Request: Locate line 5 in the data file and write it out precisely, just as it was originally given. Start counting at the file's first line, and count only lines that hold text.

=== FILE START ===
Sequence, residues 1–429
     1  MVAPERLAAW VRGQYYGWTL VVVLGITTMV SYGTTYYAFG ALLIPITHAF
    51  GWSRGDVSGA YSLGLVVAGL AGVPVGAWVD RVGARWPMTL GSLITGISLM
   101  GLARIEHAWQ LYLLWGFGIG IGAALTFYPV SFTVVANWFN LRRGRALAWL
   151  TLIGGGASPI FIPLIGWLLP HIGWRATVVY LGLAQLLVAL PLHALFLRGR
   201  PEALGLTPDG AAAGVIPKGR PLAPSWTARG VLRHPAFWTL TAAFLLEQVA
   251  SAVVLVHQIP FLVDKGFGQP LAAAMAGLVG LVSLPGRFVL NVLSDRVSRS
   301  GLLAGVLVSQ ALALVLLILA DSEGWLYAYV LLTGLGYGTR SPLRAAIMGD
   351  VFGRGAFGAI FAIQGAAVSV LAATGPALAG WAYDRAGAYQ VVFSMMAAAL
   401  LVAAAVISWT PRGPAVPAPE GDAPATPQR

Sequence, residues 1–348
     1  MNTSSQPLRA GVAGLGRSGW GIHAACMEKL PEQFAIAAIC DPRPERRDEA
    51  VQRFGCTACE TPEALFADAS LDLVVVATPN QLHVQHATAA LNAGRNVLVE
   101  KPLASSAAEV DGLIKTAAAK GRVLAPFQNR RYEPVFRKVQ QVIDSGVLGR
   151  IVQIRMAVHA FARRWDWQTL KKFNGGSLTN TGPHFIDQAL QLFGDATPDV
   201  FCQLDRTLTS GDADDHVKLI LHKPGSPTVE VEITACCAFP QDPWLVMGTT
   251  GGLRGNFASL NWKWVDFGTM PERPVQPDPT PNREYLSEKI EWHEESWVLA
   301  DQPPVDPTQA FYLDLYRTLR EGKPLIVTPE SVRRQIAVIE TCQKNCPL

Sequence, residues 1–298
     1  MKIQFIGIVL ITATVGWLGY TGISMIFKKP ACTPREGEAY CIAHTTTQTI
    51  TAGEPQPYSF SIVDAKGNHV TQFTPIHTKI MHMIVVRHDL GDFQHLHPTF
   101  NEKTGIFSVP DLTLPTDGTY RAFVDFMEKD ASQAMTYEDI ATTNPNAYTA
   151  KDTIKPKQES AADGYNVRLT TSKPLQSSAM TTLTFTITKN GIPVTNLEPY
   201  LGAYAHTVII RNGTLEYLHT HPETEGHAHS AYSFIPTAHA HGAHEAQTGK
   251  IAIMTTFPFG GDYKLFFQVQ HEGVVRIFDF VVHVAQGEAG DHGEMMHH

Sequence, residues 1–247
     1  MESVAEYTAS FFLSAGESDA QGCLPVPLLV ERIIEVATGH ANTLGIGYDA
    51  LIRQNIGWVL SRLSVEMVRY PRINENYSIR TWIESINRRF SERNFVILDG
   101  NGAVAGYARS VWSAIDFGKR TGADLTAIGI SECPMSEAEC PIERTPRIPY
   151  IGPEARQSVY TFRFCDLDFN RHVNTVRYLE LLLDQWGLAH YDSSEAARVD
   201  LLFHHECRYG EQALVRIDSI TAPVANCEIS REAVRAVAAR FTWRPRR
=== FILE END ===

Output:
   151  TLIGGGASPI FIPLIGWLLP HIGWRATVVY LGLAQLLVAL PLHALFLRGR